CHICAGO -- Are you the least bit surprised that simply irrigating the nation's so-called "food deserts" with more fresh fruits and vegetables doesn't result in healthier communities?
Two recent studies, one from the RAND Corp., and another from the Public Policy Institute of California, report that low-income neighborhoods, in addition to having more fast-food restaurants and convenience stores, also have more grocery stores, supermarkets and full-service restaurants than do more-affluent neighborhoods. A New York Times article summarizing the findings declared: "There is no relationship between the type of food being sold in a neighborhood and obesity among its children and adolescents."
This should come as no shock to anyone who actually lives in or near a food desert -- as I do.
The food-desert locator on the usda.gov website says my home sits immediately east of the only food desert within an 11-mile radius. Yet, this particular slice of a predominantly Hispanic community is served by multiple Mexican grocery stores, all within walking distance, that offer wide selections of fresh fruit, vegetables and meats at lower prices than the major grocery chain store sitting three miles down the road.
Sadly, the availability of such a bounty of healthy fare has not prevented the majority of the student body in our area's school district from being either overweight or obese.
That the elimination of food deserts is not as effective as once hoped for has been well-researched. It's been long known that opening a new grocery store in a neighborhood barely nudges vegetable consumption -- a 2002 study out of Leeds, England, measured the increase at a scant one-third of a cup daily -- if at all.
Long before these two reports made national waves for taking a knock at what some food policy wonks had previously treated as a sure thing in the fight against spiraling obesity and rampant malnutrition, critics were noting that neither the USDA nor the Institute of Medicine of the National Academies (IOM) ever established a causal link between food deserts and dietary health.
A July 2011 article in The Economist observed this sad reality of human nature: "Both (the USDA and IOM) agree that merely improving access to healthy food does not change consumer behavior. Open a full-service supermarket in a food desert and shoppers tend to buy the same artery-clogging junk food as before -- they just pay less for it. The unpalatable truth seems to be that some Americans simply do not care to eat a balanced diet, while others, increasingly, cannot afford to."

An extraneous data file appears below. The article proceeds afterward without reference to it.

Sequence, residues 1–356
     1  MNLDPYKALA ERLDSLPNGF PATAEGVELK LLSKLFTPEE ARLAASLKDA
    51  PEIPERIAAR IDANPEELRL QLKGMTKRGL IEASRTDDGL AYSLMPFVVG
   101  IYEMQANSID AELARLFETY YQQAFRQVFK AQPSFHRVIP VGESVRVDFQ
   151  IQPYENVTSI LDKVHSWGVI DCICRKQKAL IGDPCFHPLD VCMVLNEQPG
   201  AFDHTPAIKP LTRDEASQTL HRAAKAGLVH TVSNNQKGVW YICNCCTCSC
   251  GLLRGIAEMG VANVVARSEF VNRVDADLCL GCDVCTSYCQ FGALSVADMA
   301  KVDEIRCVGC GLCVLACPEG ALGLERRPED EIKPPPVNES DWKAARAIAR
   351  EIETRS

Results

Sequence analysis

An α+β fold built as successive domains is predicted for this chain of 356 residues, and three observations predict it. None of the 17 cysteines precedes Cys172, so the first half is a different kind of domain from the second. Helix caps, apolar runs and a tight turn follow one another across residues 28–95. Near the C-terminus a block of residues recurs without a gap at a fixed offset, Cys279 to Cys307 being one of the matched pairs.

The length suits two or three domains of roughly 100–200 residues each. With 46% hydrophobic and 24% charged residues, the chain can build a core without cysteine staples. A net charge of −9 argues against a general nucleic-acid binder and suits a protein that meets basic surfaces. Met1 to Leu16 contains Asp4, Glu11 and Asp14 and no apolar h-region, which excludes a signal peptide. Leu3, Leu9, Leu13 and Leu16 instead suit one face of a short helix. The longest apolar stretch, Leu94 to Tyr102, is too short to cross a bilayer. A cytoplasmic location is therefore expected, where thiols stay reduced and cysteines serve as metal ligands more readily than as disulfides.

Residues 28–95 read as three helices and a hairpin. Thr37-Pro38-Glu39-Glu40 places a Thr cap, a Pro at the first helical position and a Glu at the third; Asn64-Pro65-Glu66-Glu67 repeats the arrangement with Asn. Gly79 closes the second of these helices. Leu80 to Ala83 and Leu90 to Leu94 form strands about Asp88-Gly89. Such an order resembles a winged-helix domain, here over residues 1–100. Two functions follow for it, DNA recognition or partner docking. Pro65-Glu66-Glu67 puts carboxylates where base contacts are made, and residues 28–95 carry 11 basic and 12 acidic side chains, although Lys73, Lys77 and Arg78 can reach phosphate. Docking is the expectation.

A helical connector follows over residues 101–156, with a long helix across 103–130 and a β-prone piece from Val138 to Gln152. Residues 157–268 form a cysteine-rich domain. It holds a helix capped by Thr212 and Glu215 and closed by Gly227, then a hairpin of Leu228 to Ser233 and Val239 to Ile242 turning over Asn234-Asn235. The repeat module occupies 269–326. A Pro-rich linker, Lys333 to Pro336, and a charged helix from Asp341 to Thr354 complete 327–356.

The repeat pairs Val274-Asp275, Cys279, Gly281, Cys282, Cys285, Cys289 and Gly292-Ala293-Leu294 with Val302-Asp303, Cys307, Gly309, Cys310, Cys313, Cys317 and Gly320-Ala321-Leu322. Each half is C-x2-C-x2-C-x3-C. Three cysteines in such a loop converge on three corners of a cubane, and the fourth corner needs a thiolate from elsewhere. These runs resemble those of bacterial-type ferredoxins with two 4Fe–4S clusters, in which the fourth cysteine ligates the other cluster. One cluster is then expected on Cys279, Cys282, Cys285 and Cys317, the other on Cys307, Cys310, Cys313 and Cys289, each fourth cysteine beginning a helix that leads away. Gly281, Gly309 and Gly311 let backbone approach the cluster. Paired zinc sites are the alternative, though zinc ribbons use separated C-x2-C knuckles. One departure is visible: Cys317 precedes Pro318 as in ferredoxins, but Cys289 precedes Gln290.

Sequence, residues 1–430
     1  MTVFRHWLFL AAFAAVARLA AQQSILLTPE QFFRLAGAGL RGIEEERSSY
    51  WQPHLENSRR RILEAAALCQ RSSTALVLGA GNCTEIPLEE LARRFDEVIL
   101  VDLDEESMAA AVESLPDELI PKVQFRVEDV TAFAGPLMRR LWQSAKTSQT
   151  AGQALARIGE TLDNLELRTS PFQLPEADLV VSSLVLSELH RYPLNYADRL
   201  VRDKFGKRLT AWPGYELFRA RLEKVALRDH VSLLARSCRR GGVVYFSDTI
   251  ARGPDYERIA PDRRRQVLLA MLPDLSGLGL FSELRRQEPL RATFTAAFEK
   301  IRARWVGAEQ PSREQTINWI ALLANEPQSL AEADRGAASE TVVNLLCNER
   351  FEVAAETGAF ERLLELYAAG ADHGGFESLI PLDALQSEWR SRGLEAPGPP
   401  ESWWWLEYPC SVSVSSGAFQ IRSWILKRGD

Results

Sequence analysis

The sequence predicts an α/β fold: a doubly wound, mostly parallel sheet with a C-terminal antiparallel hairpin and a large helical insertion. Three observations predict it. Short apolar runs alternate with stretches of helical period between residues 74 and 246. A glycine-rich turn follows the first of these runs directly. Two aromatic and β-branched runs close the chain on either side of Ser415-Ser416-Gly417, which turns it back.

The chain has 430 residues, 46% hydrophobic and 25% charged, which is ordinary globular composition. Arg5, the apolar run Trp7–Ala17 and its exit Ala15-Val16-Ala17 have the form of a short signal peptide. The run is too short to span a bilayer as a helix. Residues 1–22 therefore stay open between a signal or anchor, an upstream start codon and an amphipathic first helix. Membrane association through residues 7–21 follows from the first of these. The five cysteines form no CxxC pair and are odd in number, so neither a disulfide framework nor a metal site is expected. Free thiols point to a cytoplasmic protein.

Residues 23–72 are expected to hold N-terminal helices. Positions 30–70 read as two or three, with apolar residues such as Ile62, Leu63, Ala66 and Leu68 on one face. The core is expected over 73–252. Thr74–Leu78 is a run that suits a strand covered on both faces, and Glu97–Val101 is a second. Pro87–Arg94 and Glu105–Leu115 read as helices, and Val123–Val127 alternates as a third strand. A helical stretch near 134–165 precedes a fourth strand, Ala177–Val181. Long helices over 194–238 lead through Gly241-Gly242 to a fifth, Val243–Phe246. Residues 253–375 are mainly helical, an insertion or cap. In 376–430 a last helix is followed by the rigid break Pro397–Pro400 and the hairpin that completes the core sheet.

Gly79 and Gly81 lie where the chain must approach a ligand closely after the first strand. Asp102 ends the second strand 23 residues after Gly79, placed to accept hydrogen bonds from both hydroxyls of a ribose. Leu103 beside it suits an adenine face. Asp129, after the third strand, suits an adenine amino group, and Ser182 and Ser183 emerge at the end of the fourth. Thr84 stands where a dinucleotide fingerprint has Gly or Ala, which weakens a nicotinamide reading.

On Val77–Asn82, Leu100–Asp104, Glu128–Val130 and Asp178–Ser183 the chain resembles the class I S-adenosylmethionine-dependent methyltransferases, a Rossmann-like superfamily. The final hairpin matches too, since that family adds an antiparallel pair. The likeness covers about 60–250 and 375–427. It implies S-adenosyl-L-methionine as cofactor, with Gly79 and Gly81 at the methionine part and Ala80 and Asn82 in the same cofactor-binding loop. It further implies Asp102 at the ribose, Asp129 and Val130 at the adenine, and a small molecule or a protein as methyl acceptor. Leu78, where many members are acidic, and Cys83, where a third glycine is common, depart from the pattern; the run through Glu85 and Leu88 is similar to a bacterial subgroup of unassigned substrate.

Because there is no concrete correlation between a community's stock of healthy food and actual healthy bodies, the latest research dramatically underscores the multifaceted nature of the fight against obesity. In order to address our out-of-control epidemic, increased availability of healthful food is but the key precursor to making good nutritional choices over bad ones.
Last summer the medical journal The Lancet reported that if we don't blunt the fattening of America, half of all adults will be obese by 2030. Yet the government interventions that study suggested -- such as regulating the way unhealthy foods are marketed, taxing less-healthy food options such as sugary soda and salty snacks, and subsidizing fruits and vegetables to make them more affordable than bags of Cheetos -- are nowhere near becoming a reality because of those fearful of the nanny state and their corporate backers.
And those brave enough to even hint that maybe food stamps should be restricted so that frozen pizzas, boxes of instant macaroni and cheese, candy, and other junk foods are no longer eligible items routinely get shouted down by those who can't stand the thought of federal aid having meaningful strings attached.
The bottom line is that America, especially low-income America, needs to be taught how to consume balanced meals and fit exercise into their lives so that occasional treats and splurges will do no harm. This education effort -- backed up by a wide array of effective government sticks and carrots -- must happen through schools, doctors' offices and community organizations.
Only in such a utopia will grocers in former and current food deserts feel a profitable demand for both healthy fare and their stable of treats.
Esther J. Cepeda is a nationally syndicated columnist. Email her at email@example.com.